I love my Itunes (notice how possessive I am)! It's the only way I purchase music. The interface has some pretty good features. It allows me to play my library of song in "Party Shuffle" mode which randomizes the songs in my library and plays them back with typical overlap that radio stations usually do in their back to back style. I like other features and am frustrated with others.
One frustration is how my choice of songs is limited to those which have been given permission to be sold by the artist/record company. I have, as those who know me well, an eclectic taste in music. This diversity in taste often leaves me frustrated when I am not able to pay for the music that I really want to listen to. And claiming that my tastes are eclectic is not intended to be an arrogant position in anyway. There are many who could claim a far more eclectic musical palate than mine. I do not aspire to be more eclectic – or less for that matter. However, there are many who would readily agree that for as much as my taste might be eclectic in some way, it is just plain poor taste. To those of you who feel that way, let me remind you that I have rarely if ever criticized your narrower scope in musical selection as a negative quality. And I can hear the voices lining up who would seek to tether me to a fondness of 80's music, for instance. This is nothing more than a thinly disguised attempt to justify their own narrow musical selections with the suggestion that I have in essence narrowed my own and falsely labelled myself as open. This is petty and frankly unsettling since it reflects the prevailing cultural tendency toward musical homogeneity – a puzzling site of power indeed. But this one portal or access point (Itunes) that I use to engage with recorded music serves me well most of the time but rather poorly when the borderlands of my musical palate find penchant to be explored. So it is that I have been limited-controlled if you will. But clearly it is my choice to use this interface. So some would say I am limited by limiting myself. Is this really the case?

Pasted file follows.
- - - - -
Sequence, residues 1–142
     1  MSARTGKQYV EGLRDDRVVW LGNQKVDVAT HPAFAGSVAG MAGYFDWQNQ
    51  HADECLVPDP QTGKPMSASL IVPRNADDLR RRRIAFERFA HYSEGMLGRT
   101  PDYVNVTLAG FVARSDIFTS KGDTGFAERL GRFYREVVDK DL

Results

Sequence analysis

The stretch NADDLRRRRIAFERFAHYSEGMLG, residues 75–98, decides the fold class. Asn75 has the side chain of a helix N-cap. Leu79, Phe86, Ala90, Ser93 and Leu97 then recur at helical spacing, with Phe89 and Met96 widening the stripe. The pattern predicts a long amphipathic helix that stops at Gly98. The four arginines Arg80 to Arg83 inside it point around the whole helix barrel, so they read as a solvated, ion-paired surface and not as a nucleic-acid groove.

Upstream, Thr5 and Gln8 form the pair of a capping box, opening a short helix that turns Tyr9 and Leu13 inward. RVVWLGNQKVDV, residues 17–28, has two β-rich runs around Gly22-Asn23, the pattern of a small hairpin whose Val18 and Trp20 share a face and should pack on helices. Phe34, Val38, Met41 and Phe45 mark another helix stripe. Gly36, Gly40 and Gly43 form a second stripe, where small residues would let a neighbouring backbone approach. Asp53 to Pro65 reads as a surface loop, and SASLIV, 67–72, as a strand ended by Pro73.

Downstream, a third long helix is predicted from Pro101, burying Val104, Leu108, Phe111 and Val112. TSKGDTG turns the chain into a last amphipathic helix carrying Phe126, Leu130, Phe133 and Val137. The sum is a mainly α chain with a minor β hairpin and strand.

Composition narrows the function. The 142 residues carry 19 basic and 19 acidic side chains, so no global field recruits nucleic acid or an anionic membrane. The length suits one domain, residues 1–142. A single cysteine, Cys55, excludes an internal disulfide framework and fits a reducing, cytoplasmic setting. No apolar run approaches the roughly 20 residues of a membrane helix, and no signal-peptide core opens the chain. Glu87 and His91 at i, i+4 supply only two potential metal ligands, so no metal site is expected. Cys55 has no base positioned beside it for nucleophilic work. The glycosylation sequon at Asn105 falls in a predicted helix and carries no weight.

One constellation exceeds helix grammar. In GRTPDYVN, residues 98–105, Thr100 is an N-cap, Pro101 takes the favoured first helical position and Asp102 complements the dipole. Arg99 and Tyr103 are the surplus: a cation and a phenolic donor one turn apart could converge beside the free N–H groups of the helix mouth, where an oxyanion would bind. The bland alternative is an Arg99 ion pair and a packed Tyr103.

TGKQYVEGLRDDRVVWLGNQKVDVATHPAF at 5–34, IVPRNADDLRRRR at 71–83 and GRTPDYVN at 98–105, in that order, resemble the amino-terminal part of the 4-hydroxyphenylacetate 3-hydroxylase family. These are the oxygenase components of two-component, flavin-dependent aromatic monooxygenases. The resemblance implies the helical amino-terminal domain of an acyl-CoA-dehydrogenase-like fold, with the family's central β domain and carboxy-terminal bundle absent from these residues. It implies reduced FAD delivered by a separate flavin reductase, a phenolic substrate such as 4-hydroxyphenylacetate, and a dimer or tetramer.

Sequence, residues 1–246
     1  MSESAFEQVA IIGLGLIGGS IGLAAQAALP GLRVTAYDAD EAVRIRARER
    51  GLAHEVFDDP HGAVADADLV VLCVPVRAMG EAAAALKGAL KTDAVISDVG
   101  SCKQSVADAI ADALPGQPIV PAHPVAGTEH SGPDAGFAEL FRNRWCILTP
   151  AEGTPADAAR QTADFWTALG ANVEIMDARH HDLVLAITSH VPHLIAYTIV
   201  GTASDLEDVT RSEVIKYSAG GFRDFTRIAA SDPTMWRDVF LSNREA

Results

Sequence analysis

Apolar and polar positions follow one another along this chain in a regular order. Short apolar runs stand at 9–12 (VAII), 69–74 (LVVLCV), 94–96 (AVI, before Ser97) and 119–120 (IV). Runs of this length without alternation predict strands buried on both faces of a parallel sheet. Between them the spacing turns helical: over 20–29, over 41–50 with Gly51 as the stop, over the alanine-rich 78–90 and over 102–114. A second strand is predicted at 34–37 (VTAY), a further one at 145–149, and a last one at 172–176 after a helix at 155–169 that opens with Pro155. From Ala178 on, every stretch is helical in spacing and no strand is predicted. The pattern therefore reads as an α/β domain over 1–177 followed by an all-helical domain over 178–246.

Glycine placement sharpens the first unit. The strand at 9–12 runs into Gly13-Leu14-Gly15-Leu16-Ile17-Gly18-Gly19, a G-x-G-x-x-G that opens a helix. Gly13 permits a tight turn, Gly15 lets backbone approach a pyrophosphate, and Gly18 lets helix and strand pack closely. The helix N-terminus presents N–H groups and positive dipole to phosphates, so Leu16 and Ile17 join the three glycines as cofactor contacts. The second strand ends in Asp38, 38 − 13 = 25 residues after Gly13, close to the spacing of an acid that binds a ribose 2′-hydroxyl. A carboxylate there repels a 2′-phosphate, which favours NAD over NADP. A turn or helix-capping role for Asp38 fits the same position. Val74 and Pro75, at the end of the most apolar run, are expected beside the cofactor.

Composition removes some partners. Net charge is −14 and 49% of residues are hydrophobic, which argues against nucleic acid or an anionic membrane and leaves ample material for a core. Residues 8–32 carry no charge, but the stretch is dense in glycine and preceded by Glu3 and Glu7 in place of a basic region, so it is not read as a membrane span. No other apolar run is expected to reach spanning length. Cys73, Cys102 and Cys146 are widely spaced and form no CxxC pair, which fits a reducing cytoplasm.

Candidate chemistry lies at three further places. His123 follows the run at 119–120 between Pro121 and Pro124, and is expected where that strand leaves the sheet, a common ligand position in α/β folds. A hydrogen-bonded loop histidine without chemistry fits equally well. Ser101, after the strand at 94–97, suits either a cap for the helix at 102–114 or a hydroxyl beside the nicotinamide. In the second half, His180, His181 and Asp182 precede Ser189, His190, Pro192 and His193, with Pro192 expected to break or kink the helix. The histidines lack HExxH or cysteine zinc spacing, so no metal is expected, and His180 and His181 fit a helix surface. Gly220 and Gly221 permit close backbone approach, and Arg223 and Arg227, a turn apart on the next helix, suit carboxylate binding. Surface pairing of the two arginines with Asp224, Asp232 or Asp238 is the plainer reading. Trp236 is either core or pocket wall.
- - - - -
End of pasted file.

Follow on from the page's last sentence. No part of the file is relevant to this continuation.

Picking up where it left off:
In order to understand this better we are drawn inevitably to my selection of Itunes as the vehicle to access the music I want to listen to and find important. There are indeed a plethora of other options that could allow me access to music – some could conceivably allow me more access to those pieces of music that Itunes does not allow. I could purchase CD's, attend concerts, listen to certain radio stations (on Satellite radio let's say). Each of these options, as I hope is obvious; themselves exercise a limiting or controlling effect on my access to music. I could also choose to download my music through 'free' file sharing sites which arguably might not be restricted to the limitations of the corporate agenda imposed by Apple. Not only is this option a contravention of the social and legal parameters that exist in our society but this option clearly makes my musical choice limited to the condition that someone else out there must have been willing to share the very same piece of music I want to listen to. Again this reinforces that problematic notion of homogeneity in music selection. In essence then the choice of Itunes must be seen as presenting a complexity of problematic aspects that, while not being similar, can be just as problematic.
Now we return to investigate the premise presented above: some would say I am limited by limiting myself. We can observe then that when it comes to accessing music in general and specifically the music I want to listen to and especially not just the music they want me to listen to, there is no other choice than to be limited and limiting. In other words, anyway you look at it I am controlled into controlling myself with the controlling apparatus with which I access music. I can to a measure control which control I will allow to control me but in the end I am still controlled. But this is not nearly as neat and tidy as it seems when I write it as it is above. There are many forces which confound this apparatus, none of which I suspect most of you are interested in wading through if in fact you have made it this far. Save to say that this apparatus (Itunes) is itself under some sort of control under which I would also then inevitably fall.
A few interesting questions can then arise out of these proposals. Am I listening to the music I really want to hear? Can I really know if music exists that I want to hear but cannot listen to? Can artists actually exist that are not somehow tainted by the homogenizing reality of our present (musical) culture? What kind of music is being overlooked, forgotten, or suppressed? And the most important one of all: With the drop in oil commodities will the per song cost of $0.99 be reduced?